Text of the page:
Fake Indian Currency Notes (FICN) totaling R59 crore was seized in 2012 according to latest figures released by enforcement agencies and banking channels to HT.
This is a sharp increase from a total FICN seizure of R26.5 crore in 2011, heightening speculation that the racket is fast gaining ground across the country.
Officials admit that the seizures are just the ‘tip of the iceberg’ with huge amounts circulating undetected. Many seizures are not even reported.
Interestingly, among the states, national capital Delhi leads the tally with more than Rs. 7 crore FICN being seized last year.
“Delhi is a transit point for good quality FICN which is mainly coming in from Nepal and Bangladesh but mostly originate in Pakistani cities like Lahore, Karachi, Quetta and Peshawar. Delhi also offers ease in transactions because of the huge amount of monetary transactions taking place besides according more anonymity,” a senior economic intelligence agency official said.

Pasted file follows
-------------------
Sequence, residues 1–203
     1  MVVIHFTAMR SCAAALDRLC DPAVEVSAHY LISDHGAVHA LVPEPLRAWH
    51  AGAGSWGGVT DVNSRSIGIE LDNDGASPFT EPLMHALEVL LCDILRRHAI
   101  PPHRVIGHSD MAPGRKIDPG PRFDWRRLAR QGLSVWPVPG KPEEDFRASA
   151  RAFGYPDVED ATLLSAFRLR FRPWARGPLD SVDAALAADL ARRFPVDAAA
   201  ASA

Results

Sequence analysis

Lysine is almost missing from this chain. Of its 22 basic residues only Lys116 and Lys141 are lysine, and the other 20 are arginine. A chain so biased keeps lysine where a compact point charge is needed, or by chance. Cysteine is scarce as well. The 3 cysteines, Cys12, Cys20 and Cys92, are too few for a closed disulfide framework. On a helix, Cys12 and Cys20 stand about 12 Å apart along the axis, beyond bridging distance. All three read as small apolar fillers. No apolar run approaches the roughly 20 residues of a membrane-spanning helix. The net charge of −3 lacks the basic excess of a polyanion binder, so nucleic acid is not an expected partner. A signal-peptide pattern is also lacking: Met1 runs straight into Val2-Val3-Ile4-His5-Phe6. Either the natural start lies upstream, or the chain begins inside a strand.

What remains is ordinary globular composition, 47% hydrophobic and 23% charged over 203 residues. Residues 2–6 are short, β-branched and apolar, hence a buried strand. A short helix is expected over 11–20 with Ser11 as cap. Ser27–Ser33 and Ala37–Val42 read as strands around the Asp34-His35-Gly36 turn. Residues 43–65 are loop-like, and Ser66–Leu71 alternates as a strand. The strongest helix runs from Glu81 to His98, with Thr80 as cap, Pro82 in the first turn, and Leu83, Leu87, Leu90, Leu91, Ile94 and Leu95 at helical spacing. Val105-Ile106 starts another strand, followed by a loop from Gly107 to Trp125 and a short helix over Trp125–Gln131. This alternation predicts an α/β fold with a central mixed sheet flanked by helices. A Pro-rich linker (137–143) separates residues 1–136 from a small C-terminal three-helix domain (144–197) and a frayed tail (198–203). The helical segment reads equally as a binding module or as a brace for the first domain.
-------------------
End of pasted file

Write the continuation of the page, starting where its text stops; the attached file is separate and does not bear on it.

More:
Not surprisingly, out of the Rs. 58 crore counterfeit currency, about 36% or R21 crore have been seized from abroad, mainly Bangladesh and Nepal.
The FICN is being systematically injected into India through Nepal and Bangladesh and then deposited in Indian banks in the border districts along with Indian currency before being transported across the country mainly through trains for circulation.
Sources confirmed to HT that many counterfeiters are using the same paper and ink as the one used by the government.